Activity Highlights: Financial Services
As everyone knows, there's less mail. The US. Postal Service projects a decline, from a high of 213 billion pieces of mail in 2006 all the way down to 170 billion for 2010. Financial services mail, of course, is the major reason for the big drop. Because of the global credit crunch, credit card companies are sending less mail, and same goes for banks and mortgage lenders. And it's not likely to change anytime soon, as a recent report from The Federal Reserve noted that nearly all major banks were not going to ease lending standards in the next year.
But some banks and credit card companies are trying to do new things in the mailstream—and seemingly acknowledge the mood that most prospects are in. ING Direct, for example, remains one of the more savvy mailers. It's small, orange-branded (as always) 4-1/4" x 6" postcard is probably one of least expensive but more effective mailers that Paul (archive direct of the Who's Mailing What! Archive) and I have seen in some time. Next to the outline of a house is the copy, "The Mortgage for Savers." And "5 years. 4.25% fixed rate (4.29% APR)" hovers above the famed orange ball and the mortgage program name, "Easy Orange." In other words, a strong offer, which is followed with unusually long, and therefore small, copy on the back of the postcard. This copy asks, "Want to own your house faster and save money along the way?" following that up with a "How it works" description that emphasizes free biweekly payments among other features. The call to action is only a URL (Archive code #535-640022-0906).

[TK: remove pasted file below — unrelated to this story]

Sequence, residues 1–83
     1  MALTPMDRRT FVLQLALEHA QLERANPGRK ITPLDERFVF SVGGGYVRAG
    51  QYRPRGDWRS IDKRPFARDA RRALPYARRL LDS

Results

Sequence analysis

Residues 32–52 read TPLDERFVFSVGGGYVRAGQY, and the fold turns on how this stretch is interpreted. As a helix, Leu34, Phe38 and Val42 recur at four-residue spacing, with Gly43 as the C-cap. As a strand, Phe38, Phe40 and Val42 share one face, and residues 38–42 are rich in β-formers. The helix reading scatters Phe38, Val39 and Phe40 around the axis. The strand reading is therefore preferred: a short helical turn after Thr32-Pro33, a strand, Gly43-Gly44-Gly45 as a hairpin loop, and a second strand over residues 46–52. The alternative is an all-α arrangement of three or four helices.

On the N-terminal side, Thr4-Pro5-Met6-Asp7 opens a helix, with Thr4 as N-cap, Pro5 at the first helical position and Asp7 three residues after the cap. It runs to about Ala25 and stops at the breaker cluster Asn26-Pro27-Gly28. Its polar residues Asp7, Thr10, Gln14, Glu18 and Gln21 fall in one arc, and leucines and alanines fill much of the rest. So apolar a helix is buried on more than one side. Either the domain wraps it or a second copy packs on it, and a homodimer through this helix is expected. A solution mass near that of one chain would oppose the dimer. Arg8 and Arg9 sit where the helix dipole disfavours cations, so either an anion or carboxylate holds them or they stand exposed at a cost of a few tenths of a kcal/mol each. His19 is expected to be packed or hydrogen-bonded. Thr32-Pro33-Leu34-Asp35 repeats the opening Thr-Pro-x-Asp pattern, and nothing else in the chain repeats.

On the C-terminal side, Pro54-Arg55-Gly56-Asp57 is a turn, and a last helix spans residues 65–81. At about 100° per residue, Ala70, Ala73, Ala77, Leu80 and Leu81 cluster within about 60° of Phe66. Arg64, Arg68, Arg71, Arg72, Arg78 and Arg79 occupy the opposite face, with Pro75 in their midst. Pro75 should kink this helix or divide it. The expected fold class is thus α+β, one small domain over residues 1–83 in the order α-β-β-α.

An even less common format was chosen by Citibank, which used a 6" x 9-1/4" self-mailer that arrives folded and spot-glued so the top panel only comes about halfway down the mailer. A huge teaser, "Your checking account is pointless," sits at top and underneath, copy notes that you can "Get up to 20,000 ThankYou Points when you open a Citibank regular checking account." Opening the top flap reveals a letter inside, which shows the prospect "how it works"; the bottom shows pictures of three rewards for certain point levels, such as a golf bag and airfare (Archive code #536-171691-0906B).